Spotlight on pelvic health for World Physiotherapy Day
SESLHD celebrated World Physiotherapy Day (8 September) this week, highlighting a team of specialists who deliver pelvic health physiotherapy services at the Royal Hospital for Women.
Women who come to The Royal seeking care for pelvic health conditions have the pleasure of being greeted and cared for by an exceptional team of skilful and nurturing clinicians, and passionate health advocates.
One very special staff member amongst the team of physiotherapists is Hannah Graetz. Hannah is a Senior Pelvic Health Physiotherapist, and describes herself as a passionate clinician, educator, budding researcher and vocal advocate and change agent for improving women’s health services.
“It’s such a privilege to do what I do. The courage women have to share their stories about highly intimate aspects of their lives, such as bladder and bowel or sexual function never ceases to inspire me,” Ms Graetz said.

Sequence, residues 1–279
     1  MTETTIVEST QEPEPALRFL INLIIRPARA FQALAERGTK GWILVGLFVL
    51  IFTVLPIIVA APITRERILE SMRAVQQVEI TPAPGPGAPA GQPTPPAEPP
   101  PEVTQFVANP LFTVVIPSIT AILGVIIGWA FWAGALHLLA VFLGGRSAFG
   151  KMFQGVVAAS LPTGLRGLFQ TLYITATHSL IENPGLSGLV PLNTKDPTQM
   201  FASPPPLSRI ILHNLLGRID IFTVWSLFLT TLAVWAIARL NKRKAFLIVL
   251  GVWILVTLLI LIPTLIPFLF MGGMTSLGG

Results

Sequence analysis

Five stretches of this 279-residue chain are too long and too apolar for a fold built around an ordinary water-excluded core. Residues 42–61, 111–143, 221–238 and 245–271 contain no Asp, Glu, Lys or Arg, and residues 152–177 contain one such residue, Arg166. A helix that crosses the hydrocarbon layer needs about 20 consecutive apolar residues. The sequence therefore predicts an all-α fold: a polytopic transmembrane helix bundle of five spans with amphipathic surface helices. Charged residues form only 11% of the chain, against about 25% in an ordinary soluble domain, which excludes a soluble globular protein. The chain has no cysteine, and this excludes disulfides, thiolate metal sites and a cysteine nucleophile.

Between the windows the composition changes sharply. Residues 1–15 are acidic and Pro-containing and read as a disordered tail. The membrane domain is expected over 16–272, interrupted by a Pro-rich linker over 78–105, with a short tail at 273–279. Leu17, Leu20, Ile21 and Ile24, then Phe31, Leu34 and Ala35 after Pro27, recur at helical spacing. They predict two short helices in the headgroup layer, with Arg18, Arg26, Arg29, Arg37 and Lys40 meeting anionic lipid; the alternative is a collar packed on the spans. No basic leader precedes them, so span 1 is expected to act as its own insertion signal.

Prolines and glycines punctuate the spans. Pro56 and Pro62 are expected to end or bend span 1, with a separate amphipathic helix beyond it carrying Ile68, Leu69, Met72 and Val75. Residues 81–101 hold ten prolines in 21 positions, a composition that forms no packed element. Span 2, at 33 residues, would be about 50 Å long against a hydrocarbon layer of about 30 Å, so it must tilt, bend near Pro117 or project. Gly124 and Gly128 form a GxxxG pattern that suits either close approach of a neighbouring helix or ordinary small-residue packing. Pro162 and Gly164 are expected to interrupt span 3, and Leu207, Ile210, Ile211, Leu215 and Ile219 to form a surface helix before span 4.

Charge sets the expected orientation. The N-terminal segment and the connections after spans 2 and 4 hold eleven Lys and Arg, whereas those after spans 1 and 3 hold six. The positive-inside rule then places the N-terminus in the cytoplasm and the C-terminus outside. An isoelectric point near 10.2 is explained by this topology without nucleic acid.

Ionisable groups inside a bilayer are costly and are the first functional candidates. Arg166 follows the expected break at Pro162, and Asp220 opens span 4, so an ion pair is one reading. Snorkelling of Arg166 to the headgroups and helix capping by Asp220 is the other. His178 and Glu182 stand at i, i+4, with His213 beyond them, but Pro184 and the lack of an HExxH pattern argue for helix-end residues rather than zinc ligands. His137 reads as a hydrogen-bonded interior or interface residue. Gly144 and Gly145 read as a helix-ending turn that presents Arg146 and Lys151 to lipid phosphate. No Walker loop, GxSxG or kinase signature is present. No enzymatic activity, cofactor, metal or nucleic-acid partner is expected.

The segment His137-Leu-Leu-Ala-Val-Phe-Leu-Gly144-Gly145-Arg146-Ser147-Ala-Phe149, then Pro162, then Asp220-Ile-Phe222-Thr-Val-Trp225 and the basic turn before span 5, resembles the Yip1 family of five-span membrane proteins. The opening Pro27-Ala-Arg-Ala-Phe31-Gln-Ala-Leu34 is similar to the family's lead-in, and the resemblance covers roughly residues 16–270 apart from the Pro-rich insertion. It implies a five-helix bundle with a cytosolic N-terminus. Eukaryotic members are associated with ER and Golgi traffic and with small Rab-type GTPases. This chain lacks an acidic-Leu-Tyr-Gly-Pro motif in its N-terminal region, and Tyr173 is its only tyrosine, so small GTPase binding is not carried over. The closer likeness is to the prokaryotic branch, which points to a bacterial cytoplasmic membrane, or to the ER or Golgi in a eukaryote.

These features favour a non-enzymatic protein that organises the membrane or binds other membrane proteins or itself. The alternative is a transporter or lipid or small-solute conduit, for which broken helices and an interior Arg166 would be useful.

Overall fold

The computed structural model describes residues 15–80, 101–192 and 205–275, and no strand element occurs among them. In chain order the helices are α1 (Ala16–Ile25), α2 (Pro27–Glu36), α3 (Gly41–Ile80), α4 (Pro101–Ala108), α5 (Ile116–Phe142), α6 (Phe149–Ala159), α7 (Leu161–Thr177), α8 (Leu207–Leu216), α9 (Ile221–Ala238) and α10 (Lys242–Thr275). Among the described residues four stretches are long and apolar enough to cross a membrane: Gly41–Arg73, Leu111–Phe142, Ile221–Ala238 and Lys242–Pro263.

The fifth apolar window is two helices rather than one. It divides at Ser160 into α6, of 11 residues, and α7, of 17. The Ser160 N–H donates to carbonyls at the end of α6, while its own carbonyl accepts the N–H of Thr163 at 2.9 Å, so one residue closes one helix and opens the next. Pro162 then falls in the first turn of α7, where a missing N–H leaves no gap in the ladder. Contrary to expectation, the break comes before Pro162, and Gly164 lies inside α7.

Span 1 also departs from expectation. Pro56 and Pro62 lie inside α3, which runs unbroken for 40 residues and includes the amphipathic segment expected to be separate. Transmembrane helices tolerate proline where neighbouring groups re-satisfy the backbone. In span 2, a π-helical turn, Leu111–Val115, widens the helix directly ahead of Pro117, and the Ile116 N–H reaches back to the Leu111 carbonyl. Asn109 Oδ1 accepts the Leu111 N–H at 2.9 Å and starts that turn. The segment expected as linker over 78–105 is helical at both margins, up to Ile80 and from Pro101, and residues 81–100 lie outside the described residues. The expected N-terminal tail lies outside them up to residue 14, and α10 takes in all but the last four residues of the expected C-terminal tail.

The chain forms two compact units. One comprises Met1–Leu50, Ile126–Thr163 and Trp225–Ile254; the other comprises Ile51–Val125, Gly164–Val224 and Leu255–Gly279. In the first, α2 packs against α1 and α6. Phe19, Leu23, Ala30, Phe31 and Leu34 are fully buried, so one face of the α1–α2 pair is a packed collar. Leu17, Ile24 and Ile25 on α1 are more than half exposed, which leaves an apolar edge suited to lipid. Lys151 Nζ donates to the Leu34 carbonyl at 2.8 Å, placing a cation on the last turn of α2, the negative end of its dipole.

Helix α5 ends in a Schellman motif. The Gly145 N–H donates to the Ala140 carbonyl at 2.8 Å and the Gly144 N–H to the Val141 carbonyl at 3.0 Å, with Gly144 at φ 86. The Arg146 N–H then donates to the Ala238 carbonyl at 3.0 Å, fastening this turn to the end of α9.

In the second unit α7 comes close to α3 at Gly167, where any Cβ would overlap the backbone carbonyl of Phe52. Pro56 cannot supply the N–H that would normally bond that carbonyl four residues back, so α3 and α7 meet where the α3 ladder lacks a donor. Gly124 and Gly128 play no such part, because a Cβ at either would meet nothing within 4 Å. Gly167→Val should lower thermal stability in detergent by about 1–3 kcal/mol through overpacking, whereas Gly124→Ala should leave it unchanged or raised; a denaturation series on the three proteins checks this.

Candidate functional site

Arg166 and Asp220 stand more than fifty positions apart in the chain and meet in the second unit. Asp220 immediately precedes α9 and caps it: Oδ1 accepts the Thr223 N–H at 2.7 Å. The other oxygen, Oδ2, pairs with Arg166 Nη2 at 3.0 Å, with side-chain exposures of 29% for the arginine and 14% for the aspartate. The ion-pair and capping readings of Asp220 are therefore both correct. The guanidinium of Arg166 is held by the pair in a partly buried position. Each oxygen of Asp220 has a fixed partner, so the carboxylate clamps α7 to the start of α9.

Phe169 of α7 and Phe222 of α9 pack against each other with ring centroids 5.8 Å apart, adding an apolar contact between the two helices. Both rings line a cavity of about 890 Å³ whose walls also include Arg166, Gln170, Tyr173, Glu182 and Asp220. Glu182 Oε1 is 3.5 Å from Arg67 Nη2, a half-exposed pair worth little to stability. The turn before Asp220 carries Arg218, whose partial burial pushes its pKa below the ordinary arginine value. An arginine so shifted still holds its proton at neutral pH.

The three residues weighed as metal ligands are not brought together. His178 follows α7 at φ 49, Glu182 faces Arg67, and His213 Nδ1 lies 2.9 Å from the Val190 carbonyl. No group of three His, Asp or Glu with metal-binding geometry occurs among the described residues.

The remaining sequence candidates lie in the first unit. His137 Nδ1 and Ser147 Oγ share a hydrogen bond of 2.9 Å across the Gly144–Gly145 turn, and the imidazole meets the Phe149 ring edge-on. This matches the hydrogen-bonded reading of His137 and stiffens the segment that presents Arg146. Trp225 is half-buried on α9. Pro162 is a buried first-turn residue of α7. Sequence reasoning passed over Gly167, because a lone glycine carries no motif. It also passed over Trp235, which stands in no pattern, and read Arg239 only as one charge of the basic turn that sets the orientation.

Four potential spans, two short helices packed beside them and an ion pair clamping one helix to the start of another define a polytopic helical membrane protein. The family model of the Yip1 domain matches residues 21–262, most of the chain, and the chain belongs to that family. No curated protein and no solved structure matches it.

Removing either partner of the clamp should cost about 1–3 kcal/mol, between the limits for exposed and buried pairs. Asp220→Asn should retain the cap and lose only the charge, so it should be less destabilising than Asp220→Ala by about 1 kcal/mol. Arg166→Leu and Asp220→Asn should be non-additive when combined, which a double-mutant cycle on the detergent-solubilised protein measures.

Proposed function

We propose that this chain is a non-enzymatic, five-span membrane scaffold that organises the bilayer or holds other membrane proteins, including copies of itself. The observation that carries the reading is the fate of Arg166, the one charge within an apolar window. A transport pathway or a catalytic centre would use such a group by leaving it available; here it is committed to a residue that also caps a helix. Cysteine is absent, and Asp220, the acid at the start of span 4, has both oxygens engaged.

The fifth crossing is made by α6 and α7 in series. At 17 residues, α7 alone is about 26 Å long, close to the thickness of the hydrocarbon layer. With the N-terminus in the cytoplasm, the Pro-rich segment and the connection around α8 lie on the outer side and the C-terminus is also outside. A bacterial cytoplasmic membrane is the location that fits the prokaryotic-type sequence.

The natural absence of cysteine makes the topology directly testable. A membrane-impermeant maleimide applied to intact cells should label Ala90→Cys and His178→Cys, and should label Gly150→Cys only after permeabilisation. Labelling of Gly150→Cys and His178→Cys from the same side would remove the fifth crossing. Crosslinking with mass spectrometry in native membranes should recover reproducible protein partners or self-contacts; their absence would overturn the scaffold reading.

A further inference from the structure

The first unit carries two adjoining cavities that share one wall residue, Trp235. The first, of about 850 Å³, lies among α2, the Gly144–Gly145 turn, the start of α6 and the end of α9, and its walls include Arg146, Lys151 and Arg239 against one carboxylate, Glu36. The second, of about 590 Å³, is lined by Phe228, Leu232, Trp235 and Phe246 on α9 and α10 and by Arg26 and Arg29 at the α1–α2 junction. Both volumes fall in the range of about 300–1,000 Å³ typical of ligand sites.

“The high prevalence and burden of these disorders that significantly affect people’s lives and the largely inexpensive but highly effective strategies we have as physiotherapists to treat these disorders drives my passion for the work we do.”
Chronic pelvic health disorders continues to be an overlooked but important public health issue, according to Ms Graetz.
“This is what drives my passion today – to build our under-recognised health service and workforce so that women don’t continue to spend nine years suffering before they access the right care.”
Pelvic health physiotherapy services at the Royal Hospital for Women remain operational during the COVID-19 pandemic, continuing to see people across all life stages and from a range of backgrounds who experience socially isolating, stigmatising and heavily burdensome conditions.
“Every woman we see has a story, some may not have shared it with anyone before, or may have shared without receiving validation,” Ms Graetz said.
“Each day, I’m gifted the opportunity to validate their experience and to work with them to find their voice. What could be more special than that.”
Pictured: Royal Hospital for Women pelvic health physiotherapy team.